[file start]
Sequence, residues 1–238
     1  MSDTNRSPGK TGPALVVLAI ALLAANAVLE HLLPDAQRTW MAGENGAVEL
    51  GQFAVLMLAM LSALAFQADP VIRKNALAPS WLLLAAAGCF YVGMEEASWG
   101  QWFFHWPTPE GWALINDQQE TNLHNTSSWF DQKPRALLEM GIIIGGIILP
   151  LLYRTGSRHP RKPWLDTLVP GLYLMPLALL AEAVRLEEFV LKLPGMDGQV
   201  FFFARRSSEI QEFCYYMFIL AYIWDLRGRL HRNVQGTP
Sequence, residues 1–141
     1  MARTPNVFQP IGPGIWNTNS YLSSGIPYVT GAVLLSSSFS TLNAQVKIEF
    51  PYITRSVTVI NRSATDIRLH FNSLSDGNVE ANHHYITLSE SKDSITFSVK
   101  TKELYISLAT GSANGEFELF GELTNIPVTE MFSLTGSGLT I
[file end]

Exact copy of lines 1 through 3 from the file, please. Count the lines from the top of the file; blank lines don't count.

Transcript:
Sequence, residues 1–238
     1  MSDTNRSPGK TGPALVVLAI ALLAANAVLE HLLPDAQRTW MAGENGAVEL
    51  GQFAVLMLAM LSALAFQADP VIRKNALAPS WLLLAAAGCF YVGMEEASWG